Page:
The results are inclusively shown in Table 2 hereinafter.

EXAMPLE 2

______________________________________Phenol                  10    partsFormalin (same as in Example 1)                   6     partsMagnetite (same as in Example 1)                   44    partsα-Fe2 O3 (same as in Example 1)                   44    parts______________________________________

The above materials were subjected to polymerization similarly as in Example 1 except for changing the amounts of the basic catalyst and water. The polymerizate particles were classified by Elbow Jet classifier to remove the fine powder fraction. The resultant carrier core showed D1=55 μm, ND1/2% =7.1%N, and Rs=5.31012 ohm.cm.

The core particles were coated with the same coating resin as in Example 1 but at a different coating rate of 0.8 wt. %.

The coated magnetic carrier particles showed substantially the same particle size and particle size distribution as before the coating, and a sphericity (SF1) of 1.06.

The exposure density of metal oxide at the surface of the coated magnetic carrier particles was measured similarly as in Example 1 and found to be 2.0 particles/μm2.

The coated carrier particles showed Rs=8.01013 ohm.cm, and σ1000 =70 emu/cm3 (packing density=2.11 g/cm3).

The thus-obtained coated magnetic carrier was blended with the four color toners prepared in Example 1 to prepare four two-component type developers each having a toner concentration of 6%. The respective toners showed triboelectric charges of yellow: -36.2 μC/g, magenta: -34.7 μC/g, cyan: -37.9 μC/g and black: -32.8 μC/g, respectively, when measured at a toner concentration of 5 wt. %.

The developers were charged in the same image forming apparatus and used for development under the same developing conditions as in Example 1. As a result, similarly as in Example 1, images at the initial stage showed particularly excellent dot reproducibility and high resolution, and were free from fog or carrier attachment. As a result of a continuous full-color image formation on 30,000 sheets, the images thereafter showed almost similar image qualities as those at the initial stage. No carrier attachment was observed in the continuous image formation. The surface of the carrier after the continuous image formation was similarly good as that at the initial stage.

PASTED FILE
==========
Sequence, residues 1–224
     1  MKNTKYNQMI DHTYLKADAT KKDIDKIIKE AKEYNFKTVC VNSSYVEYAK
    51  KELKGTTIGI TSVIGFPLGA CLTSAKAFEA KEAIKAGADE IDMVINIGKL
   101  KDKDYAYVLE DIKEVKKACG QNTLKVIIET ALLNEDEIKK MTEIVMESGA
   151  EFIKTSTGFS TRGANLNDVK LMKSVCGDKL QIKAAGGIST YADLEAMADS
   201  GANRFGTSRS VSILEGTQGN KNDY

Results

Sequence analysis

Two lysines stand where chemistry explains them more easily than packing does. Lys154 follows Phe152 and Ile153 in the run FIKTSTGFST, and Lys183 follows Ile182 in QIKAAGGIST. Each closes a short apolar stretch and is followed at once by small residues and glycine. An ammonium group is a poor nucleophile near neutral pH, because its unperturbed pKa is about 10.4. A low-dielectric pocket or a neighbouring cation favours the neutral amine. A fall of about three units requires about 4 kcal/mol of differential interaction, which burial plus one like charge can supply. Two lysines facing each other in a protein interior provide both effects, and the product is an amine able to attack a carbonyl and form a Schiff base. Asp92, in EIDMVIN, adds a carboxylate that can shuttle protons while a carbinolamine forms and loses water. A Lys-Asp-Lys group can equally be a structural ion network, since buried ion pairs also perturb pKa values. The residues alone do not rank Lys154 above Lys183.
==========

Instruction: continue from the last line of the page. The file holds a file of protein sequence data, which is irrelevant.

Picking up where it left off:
EXAMPLE 3

______________________________________Phenol                  10    partsFormalin (same as in Example 1)                   6     partsMagnetite (same as in Example 1)                   75    partsα-Fe2 O2 (same as in Example 1)                   9     parts______________________________________

The above materials were subjected to polymerization similarly as in Example 1 except for changing the amounts of the basic catalyst and water. The polymerizate particles were classified by Elbow Jet classifier to remove the fine powder fraction. The resultant carrier core showed D1=32 μm, ND1/2% =9.2%N, and Rs=2.41012 ohm.cm.

The core particles were coated with the same coating resin as in Example 1 but at a different coating rate of 1.8 wt. %.

The coated magnetic carrier particles showed substantially the same particle size and particle size distribution as before the coating, and a sphericity (SF1) of 1.08.

The exposure density of metal oxide at the surface of the coated magnetic carrier particles was measured similarly as in Example 1 and found to be 2.0 particles/μm2.

The coated carrier particles showed Rs=2.11013 ohm.cm, and σ1000 =127 emu/cm3 (packing density=2.11 g/cm3).

On the other hand, four colors of toners were prepared similarly as in Example 1 by using the same colorants but in different amounts of 6 parts for yellow, 5 parts and 1 part for magenta, 6.5 parts for cyan, and 6.5 parts for black, and by using different pulverization and classification conditions. The resultant color toners showed the following particle sizes and particle size distributions.

______________________________________     D4   D1       ND1/2%   V2D4%     (μm)          (μm)  (% N)    (% V)______________________________________Yellow toner       5.0    3.6      12.2   0Magenta toner       5.0    3.7      10.1   0Cyan toner  5.2    3.7      10.6   0Black toner 4.9    3.6       9.8   0______________________________________